The day after we landed in Colorado, we drove to our local airport to return the car we had rented at the Denver airport.

While Jules was inside dropping off the rental car’s keys, I waited with our jeep outside by the curb.
A young man came over and asked me if I knew how to get to a hotel located in the nearby town of Eagle.
He told me that the information booth at the airport had told him that it would cost him over $100 to hire a taxi and that there were no buses running at this time of night.

I knew he was telling the truth, since we live in an area that has no Uber or Lyft and no local taxis.
A taxi would have to drive over from the nearest larger city to pick him up, and that would cost him $100..

I suggested that we drive him to his hotel.
For us, it was only a ten minute detour.
He said he was thinking of walking the fifteen miles along the snowy road to his hotel.
It would have taken him the whole night to walk there.

He was so grateful and offered to pay for our gasoline (which we adamantly refused), and finally I just told him:
“That’s OK, man, we HAVE to be KIND to each other in this world!
This is how we must behave and how we must live!”

With near-tears in his eyes, he admitted that back in San Antonio where he was from, he also often stops to help when he sees somebody with a flat tire.
He said he helps them change their tire for free, since his parents have an automobile garage and he knows how to do it quickly.

We chatted all the way to his hotel and he told us about his wife and two young children, and that he had come to the mountains of Colorado for a court hearing the next day.

I have to admit that I no longer travel the world solely for my own enjoyment.

I travel the world in order to help make it a friendlier place.

Everywhere I go, I make a conscious effort to be an ambassador of goodness, taking a stand against injustice, or actively breaking the patterns that keep the people of the world in alienation and isolation.

Most people do not realize how they themselves contribute to making the world an unfriendly place.
They do not see the connection between their ideas and how it leads to a sad and lonely world, because they believe they are acting out of patriotism or nationalism, simply “protecting” the “health” of their communities and of their nations.

Many communities do not realize how promoting their own self-interest can lead to wrong thinking, unfriendly behaviors and mob mentality.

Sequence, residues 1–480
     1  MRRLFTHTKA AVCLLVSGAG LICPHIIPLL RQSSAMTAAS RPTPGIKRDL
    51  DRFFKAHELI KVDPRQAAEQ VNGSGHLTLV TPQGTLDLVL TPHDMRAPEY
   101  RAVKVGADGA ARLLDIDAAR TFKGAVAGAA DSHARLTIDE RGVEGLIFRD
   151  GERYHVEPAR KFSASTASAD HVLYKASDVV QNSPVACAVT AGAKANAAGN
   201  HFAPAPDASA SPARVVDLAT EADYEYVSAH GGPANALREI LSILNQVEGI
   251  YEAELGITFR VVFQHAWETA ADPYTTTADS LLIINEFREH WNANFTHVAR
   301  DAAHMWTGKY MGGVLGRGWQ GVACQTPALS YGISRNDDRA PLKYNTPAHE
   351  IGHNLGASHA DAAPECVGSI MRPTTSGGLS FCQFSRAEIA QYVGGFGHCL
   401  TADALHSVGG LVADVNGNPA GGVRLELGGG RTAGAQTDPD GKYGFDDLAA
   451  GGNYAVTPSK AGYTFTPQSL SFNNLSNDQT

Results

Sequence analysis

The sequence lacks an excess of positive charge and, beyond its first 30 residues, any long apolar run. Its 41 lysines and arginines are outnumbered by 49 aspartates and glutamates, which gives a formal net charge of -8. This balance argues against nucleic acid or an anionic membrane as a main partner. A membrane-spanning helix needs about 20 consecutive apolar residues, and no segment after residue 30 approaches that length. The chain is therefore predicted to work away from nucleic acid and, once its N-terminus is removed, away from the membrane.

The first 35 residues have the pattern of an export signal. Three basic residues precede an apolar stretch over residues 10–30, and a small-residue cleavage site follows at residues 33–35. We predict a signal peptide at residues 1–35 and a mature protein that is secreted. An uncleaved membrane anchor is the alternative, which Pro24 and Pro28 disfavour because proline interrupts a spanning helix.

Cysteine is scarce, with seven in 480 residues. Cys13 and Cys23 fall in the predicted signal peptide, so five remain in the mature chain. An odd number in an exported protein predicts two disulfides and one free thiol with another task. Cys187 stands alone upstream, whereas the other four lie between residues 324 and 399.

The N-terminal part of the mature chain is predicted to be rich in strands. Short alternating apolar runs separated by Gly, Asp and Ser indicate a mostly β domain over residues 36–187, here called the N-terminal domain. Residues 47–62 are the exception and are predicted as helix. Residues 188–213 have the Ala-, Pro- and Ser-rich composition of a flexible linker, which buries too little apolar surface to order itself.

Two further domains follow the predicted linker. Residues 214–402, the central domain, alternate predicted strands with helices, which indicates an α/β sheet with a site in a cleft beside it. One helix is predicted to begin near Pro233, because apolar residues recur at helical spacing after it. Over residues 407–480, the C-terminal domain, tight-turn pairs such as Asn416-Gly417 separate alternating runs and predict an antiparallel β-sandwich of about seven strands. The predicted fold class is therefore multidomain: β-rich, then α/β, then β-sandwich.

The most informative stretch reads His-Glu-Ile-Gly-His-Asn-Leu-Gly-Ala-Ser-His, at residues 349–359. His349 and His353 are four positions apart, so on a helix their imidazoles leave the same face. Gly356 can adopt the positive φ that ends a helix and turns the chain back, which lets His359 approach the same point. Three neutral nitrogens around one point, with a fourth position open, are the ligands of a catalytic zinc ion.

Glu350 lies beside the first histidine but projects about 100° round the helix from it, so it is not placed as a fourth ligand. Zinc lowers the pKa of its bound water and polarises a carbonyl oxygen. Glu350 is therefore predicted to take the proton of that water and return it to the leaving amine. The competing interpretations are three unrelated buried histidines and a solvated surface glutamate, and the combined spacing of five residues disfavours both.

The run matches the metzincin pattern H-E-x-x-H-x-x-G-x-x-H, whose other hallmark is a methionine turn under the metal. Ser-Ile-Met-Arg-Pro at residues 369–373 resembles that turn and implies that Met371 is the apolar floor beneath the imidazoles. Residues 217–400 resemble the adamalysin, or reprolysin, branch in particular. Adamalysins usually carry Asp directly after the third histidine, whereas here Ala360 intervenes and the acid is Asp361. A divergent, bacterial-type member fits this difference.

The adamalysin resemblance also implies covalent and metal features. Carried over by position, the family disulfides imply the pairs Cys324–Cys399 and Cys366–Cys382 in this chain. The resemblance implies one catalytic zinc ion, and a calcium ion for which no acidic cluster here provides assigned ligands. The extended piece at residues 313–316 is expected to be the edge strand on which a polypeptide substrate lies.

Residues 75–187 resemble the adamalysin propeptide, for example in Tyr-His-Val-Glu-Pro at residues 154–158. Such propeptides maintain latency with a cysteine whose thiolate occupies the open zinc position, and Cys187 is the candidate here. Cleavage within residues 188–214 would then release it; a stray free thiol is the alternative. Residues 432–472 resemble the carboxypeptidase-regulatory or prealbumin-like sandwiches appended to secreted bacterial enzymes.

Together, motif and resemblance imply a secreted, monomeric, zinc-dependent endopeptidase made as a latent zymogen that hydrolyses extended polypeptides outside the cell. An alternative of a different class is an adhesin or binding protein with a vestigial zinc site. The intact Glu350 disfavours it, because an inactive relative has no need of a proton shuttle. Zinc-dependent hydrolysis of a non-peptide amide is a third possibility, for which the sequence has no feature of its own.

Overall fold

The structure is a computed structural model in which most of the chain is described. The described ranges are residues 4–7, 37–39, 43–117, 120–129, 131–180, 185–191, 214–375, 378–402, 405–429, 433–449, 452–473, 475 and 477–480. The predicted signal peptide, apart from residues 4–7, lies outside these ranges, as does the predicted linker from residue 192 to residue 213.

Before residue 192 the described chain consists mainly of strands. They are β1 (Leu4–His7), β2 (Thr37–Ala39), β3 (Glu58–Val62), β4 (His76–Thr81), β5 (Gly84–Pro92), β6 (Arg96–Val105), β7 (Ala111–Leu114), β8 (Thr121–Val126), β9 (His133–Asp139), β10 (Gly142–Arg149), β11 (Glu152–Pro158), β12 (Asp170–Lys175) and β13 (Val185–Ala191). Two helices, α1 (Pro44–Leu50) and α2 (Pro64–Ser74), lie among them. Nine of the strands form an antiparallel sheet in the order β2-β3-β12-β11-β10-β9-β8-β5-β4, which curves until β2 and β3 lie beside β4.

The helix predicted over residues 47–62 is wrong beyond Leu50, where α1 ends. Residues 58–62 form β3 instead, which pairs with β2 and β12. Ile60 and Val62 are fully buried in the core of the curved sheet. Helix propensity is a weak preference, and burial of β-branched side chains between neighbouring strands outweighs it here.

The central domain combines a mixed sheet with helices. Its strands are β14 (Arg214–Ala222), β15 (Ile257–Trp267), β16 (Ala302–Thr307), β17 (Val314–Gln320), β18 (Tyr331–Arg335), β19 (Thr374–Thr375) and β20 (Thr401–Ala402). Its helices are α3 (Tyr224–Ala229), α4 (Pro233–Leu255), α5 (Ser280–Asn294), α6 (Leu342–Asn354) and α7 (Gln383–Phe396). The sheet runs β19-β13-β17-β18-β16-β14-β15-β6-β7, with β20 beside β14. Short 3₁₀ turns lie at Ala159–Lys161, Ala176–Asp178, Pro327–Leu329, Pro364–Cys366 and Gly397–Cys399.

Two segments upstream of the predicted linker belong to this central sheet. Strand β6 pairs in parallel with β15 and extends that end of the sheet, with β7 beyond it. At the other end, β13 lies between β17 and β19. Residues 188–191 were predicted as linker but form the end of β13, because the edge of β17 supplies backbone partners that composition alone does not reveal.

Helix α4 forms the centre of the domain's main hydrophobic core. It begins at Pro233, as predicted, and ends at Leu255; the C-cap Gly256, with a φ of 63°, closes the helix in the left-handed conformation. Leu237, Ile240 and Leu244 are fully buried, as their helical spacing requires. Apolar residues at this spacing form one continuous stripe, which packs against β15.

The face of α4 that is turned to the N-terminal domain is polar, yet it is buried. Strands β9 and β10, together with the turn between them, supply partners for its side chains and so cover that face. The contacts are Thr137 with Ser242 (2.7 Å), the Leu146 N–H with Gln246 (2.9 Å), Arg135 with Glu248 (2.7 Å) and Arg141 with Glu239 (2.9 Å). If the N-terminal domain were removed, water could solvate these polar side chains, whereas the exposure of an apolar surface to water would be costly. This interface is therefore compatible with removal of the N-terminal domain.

The funny thing is that many of these people are often sweet and well-meaning people, just unaware of where their ways of thinking can lead to.

Years ago, I read a series of books by Peter Mayle, about his relocation from a high stress job in cold and grey London, to a life in sunny, rural Provence, in France.

In the last few books, he made observations about the fact that the French people living in the beautiful countryside, had become very unhappy with German tourists.

They were happy to have tourists come and eat in their village restaurants, shop in the local markets, buy and support local wineries, or stay in the lovely inns in the countryside, but the Germans were not doing any of this.

According to Mayle, the German tourists were driving their families across the border in their own cars, bringing with them EVERYTHING.

The German tourists bought nothing in the local markets.
They brought their own potatoes, their own German beer, their own butter, their own sausages, canned food, grills, pillows and blankets.

In other words, the German tourists were not bringing any economic benefits to the French countryside.

They stayed in state parks or by the side of the roads, which enraged the locals living in those picturesque villages.

I still remember reading his descriptions years ago, and thinking to myself that this indicates a very unfriendly global future trend, that is based on a sad misperception.

In other words, welcoming tourists ONLY if they “help” the local economy, is short sighted and can lead to mob viciousness that can spread like wildfire all over the world.

It leads to a sad, unfriendly and over-regulated world, in which people forget that tourists are not walking wallets or an “industry” bringing money, but are actually GUESTS in their country.

Let me explain:

The Berlin Wall fell in November of 1989.
German people from both sides, but mostly from the eastern side of the wall, were finally free to go on vacation wherever they liked.
They had little money but were filled with the desire to enjoy some sunshine, to sit on sunny beaches, and to celebrate their freedom and life.

Many young German people from both sides of the Wall, suffered from the shame and trauma of their nation’s Nazism, their cruel and inhumane actions amidst the ravages of the second world war.

The newer generation was overwhelmed with guilt and they simply wanted to go away with their families, to show their young kids other parts of Europe.

They had little money to spend, so they packed everything into their cars and hoped to enjoy a cheap but fun vacation.

Little did they know that the rural people in the countries they wanted to visit, were already viewing them as a “problem,” and quickly working on a plan to “protect” their countryside from them.

I have seen this occur in New Zealand as well.